Laws of Associations
In December 1998, the Palestinian Legislative Council (PLC) passed the Law of Charitable Associations and Community Organizations. This law repealed the Ottoman Law of Charitable Organizations and the Law of Charitable Organizations No. 33 of 1966 that were effective previously. In May 1999, the PLC passed an amendment to the law that transferred responsibility for the administration of NGO’s to the Ministry of Interior instead of the Ministry of Justice. Since the office of the Minister of Interior remained vacant, however, a new ministry of non-governmental organizations was established in 2000.
According to Article 3 of the NGO Law, “the competent ministry will set up a department responsible for the registration of the associations and organizations in co-ordination with the competent ministry.” Associations or organizations may collect contributions from the public and carry out any social services provided these services are compatible with the developmental priorities of Palestinian society. Foreign organizations that want to establish ties with Palestinian NGOs must apply to the competent ministry, which, in turn, consults with the Ministry of Planning and International Cooperation regarding the application. It is not possible to confiscate funds of associations or organizations, or close them, or conduct a search in their main and branch offices without an order issued by the competent judicial part.
Associations and Unions
Civil society organizations such as the Palestinian Center for Human Rights have been quick to criticize the new law, yet most of them have learned to work their way around the cumbersome regulations, and many enjoy external financing from Western donors. Research organizations have been shut down only to reappear as strong as ever under new names. The West Bank and Gaza still hosts a richer variety of professional, research, welfare, charitable, and human rights organizations than most of its neighbors. At least thirty-six NGOs and sixteen research centers have active presences on the Internet. Many privately owned media also survive, despite efforts of the Authority to clamp down upon them.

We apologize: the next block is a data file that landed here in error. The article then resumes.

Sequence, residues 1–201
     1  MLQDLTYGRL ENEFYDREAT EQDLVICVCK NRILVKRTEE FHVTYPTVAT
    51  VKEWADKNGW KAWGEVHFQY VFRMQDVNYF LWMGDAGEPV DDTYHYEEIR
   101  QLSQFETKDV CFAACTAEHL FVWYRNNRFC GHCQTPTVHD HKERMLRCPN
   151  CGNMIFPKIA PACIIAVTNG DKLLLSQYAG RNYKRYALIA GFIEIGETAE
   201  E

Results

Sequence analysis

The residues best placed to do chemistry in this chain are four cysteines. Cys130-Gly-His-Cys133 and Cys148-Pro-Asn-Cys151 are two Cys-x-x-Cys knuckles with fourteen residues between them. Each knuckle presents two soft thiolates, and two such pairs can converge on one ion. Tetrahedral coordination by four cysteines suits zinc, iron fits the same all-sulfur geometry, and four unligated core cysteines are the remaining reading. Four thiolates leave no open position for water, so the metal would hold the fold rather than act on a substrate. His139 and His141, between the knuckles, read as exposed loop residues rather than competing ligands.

The great majority of West Bank and Gaza unions belonged to the Palestinian General Federation of Trade Unions (PGFTU). An estimated 95,000 to 100,000 workers in the West Bank were members of the PGFTU, the largest union bloc, which consisted of 12 trade unions in the West Bank and 8 in Gaza. The organization had approximately 46,500 members in Gaza. The PGFTU estimated that actual organized membership of dues-paying members, included approximately 75 percent of all Palestinian workers. The PGFTU was involved in the completion of the negotiations with Histadrut regarding workers' fees. The reorganization of unions under the PGFTU was intended to enable the West Bank and Gaza unions to better represent the union members' interests. The PGFTU has participated in some programs of the International Confederation of Free Trade Unions but is currently not a member.
Palestinian unions that seek to strike must submit to arbitration by the PA Ministry of Labor. If the union disagrees with the final arbitration and strikes, a tribunal of senior judges appointed by the PA decides what, if any, disciplinary action is to be taken, such as a fine. There are no laws in the occupied territories that specifically protect the rights of striking workers. In practice such workers had little or no protection from an employer's retribution.
Media and Government Regulations
The 1995 Palestinian Press Law states, “no security agency has any right to question, interrogate, detain, incarcerate or arrest a journalist on matters pertaining to his work.” The law does not provide for formal censorship. However, Article 37 prohibits the publication of articles that may cause harm to national unity.
The Ministry of Information licenses the media. The General Intelligence Directorate has established a Bureau of Press Information to accredit and monitor foreign media. The Voice of Palestine Radio and two television stations are government-controlled, but many private media and research organizations maintain active presences in print and online. Of particular interest is the Palestine Center for Policy and Survey Research (PSR), which continues the valuable polling efforts of the Center for Palestine Research and Studies. The Jerusalem Media and Communication Centre (JMCC) also conducts regular polls and issues the Palestine Report, an excellent weekly news summary that reports on the activities of civil society.